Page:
Perhaps out of some ill planned ploy to keep time from progressing, to stall the lapse of life…to delay the inevitable end of all that I know to be. I keep these boxes of irreplaceable garage sale fodder of what was, of what could have been, as evidence of my existence. My entire life consolidated into three Rubbermaid tubs dumped in a heap on my smoothly made bed.
I’ve collected much junk over the years. Some of it worth keeping around, some of it only here because I can’t bring myself to drop it in the trash. Once you’ve carried something around with you for thirty years, moving from house to house, state to state, you wonder what the point would be in getting rid of it now. If it meant enough to me at some point to hang on to, to pack and repack, it deserves my consideration now.
I’ve a stack of containers in my closet of just such a collaboration of crap. Stuffed overflowing, they are labeled with names like “memorabilia” or “moms stuff” on the outside to keep tiny prying fingers from rummaging through my things. Anything marked memorabilia surely has no interest to them. They are looking for food or money.
Thirty years of nothing. Thirty years of everything. As I dump each container out on my bed and begin to thin the pile into a manageable mess, I find my memories tugged at, the corners of my mouth turn up…or down…as scenes of my past flitter through my mind; things I thought I’d forgotten suddenly feel as if they just happened yesterday, the emotions still raw and real.
I’ve tiny vases from my grandmother. Made In Occupied Japan, they say on the bottom. But they were given to me before maturity, broken during childish games, in Barbie houses, in toy box bottoms. Now just shards of hand painted porcelain flowers , dust thickens on their shoebox. Even Superglue won’t save them, my regret certainly won’t.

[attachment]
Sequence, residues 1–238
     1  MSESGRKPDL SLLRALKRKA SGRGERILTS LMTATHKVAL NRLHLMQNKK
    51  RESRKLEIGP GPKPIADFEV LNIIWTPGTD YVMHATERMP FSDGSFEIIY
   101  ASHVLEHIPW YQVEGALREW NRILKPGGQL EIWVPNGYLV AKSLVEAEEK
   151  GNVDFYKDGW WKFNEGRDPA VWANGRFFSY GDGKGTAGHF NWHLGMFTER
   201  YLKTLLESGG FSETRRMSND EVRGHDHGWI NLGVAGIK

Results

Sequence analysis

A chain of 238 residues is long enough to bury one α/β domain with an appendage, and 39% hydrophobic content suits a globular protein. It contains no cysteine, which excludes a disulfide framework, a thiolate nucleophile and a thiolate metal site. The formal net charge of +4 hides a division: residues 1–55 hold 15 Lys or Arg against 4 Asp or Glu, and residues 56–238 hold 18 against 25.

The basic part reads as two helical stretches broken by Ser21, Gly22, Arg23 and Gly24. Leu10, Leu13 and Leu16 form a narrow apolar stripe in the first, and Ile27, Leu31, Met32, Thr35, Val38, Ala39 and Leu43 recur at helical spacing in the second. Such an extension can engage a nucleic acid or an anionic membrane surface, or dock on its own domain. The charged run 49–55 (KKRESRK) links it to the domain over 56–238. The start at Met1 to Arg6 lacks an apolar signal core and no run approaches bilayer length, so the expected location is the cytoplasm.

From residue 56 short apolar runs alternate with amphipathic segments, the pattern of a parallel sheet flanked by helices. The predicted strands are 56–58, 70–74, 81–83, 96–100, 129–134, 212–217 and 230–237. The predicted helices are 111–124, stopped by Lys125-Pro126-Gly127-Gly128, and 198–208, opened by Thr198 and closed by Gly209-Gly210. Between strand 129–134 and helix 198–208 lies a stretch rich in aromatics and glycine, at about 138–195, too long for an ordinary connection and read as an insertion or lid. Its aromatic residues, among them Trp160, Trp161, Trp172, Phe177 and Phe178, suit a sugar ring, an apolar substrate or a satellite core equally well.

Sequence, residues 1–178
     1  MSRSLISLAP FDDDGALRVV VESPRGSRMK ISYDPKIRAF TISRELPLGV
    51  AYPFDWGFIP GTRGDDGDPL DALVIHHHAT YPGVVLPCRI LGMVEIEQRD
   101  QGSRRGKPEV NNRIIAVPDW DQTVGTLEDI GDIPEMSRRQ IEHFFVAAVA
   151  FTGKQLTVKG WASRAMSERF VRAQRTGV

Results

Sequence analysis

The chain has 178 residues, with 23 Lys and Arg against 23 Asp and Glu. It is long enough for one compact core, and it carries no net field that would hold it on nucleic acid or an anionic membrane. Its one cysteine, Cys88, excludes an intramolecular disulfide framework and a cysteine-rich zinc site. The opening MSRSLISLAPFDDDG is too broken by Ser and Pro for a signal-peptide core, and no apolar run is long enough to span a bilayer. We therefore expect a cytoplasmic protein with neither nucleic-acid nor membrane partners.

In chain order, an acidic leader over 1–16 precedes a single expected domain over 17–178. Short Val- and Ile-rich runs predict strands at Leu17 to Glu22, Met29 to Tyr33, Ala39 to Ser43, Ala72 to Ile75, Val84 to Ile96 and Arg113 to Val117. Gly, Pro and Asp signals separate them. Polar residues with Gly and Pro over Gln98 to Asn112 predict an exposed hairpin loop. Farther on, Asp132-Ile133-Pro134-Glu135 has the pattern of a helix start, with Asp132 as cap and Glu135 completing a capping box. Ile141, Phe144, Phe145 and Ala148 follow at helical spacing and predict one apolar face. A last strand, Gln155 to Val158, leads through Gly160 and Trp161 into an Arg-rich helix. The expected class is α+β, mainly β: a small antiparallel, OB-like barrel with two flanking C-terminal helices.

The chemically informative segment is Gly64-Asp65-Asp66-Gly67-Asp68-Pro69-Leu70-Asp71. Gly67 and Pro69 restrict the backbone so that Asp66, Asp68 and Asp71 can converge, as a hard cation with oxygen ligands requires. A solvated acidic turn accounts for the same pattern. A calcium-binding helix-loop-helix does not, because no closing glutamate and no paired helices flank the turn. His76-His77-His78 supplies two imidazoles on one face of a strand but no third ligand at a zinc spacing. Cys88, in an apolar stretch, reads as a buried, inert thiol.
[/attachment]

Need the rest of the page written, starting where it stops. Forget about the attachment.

Piles of baby clothes, tiny lace socks, hospital t-shirts, grandma-made-me dresses and plastic bracelets, so impossibly small…there is no way they fit around their now strong wrists. An envelope of soft blond curls. A Kermit rattle. I’ll Love You Forever, Go Dogs Go and The Monster At The End Of This Book…leafing through the pages I hear their dads Grover impersonation as he read the same pages over and over, child after child, as they listened in rapt attention each and every time.
There’s a box of school papers dating back sixteen years, every single report card from every kid I’ve ever had. Poems, stories, coloring pages. Pictures made from lima beans and glue; Mothers Day cards exclaiming my perfection; purple hearts with I LOVE YOU scrawled in childish handwriting across the middle…no name, no date…but some kid loved me enough…at that moment… to carefully cut the heart shaped construction paper and pick out their favorite colored crayon. Now that, is worth hanging on to.
But what of the other stuff? Is it all considered keepers? A satin jewelry box given me by my first love; wretched poems written in the center of teenage heartbreak; a rusty bottle cap reminder of a love that never was…but perhaps could have been; a three dollar ring slipped on my finger the day I fell in love for real, for good, forever…corroded and warped from years of wear, now closed in the darkness of a heart-shaped plastic box. Do I need these things?
A Winnie the Pooh money bank, once Heather’s…then Destini’s…then Mya’s…now living under an unraveled afghan in a box nobody has looked at in six years. History? Memories? Or just plastic that should have been in the garbage six years ago when nobody wanted it anymore? Why do I hold on to these things?